CMU’s Jay Whitacre wins the Lemelson-MIT Prize for his incredible, edible (nontoxic) battery

Courtesy of Aquion Energy

Courtesy of Aquion Energy

Jay Whitacre, the materials scientist and CMU professor who invented a saltwater battery so eco-friendly he once popped a piece in his mouth, has won the 2015 Lemelson-MIT Prize, an international award for inventors whose work can improve the world.

Whitacre founded Aquion Energy in 2008, a manufacturing company that churns out batteries in the former Sony plant in Westmoreland County. Aquion Energy currently installs its sustainable batteries in solar arrays around the world with a focus on solar-friendly locations in California, Germany, Hawaii and Australia. The company has 75 international partners and employs 75.

While solar panels and wind turbines generate renewable energy, the problem remains of how to store that energy both cheaply and safely for those times when the sun doesn’t shine and the wind doesn’t blow.

Energy storage, a $13.5 billion dollar market, has drawn serious, high-profile competition. Earlier this year, Tesla Motors announced its own home-battery system that promises to one day help homeowners disconnect from the grid. Many competing solutions are based on lead-acid chemistry or lithium-ion which pollute the environment and have proven unsafe.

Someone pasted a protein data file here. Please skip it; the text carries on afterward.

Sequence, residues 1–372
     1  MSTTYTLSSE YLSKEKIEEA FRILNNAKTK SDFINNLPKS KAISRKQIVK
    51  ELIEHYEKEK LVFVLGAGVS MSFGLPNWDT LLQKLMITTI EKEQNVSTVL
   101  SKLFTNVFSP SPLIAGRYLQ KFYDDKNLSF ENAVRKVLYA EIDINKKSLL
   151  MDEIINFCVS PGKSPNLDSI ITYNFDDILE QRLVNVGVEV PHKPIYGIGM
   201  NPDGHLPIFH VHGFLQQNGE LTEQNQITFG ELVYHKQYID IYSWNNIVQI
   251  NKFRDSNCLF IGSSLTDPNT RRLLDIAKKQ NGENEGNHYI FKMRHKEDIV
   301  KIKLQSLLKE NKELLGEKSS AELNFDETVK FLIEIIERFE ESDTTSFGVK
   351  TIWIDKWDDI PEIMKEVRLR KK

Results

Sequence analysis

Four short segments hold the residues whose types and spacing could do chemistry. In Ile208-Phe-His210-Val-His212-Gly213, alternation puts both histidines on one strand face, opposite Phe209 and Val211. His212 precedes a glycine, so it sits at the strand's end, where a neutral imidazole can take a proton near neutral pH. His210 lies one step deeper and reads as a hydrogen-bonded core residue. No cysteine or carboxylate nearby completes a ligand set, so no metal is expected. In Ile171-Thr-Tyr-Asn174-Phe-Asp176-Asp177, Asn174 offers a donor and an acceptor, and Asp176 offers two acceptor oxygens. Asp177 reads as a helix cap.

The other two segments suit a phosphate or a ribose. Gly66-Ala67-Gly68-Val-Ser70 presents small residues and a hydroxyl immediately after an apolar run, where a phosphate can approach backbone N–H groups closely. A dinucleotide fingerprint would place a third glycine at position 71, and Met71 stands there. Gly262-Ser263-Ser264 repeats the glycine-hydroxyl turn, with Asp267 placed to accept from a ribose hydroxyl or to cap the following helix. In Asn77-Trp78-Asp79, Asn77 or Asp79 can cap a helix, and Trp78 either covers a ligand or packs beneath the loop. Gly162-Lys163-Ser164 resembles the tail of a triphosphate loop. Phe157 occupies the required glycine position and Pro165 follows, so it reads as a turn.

The Aqueous Hybrid Ion Battery is the only solution that’s both clean and safe, says Whitacre. To prove the point, he bit into the battery’s fuel cell in front of investors. Aquion batteries promise high-performance for large-scale operations at a low cost and have a lifespan of 20 years.

“Our technology is a front-runner,” he says. Winning the prestigious MIT-Lemelson prize will give the company a well-deserved boost, he adds.

The company has raised $135 million to date from several investors including lead investor Kleiner Perkins Caufield & Byers and Microsoft’s Bill Gates. Whitacre will receive $500,000 for his “groundbreaking sustainable inventions to improve our world and dedication to the next generation,” says the MIT-Lemelson announcement.

Previous Lemelson-MIT Prize winners include 2014 winner Sangeeta Bhatia, a pioneer in the area of life sciences and tissue regeneration. Nick Holonyak won in 2004, the inventor of the first practical LED (light emitting diode) and the household dimmer switch.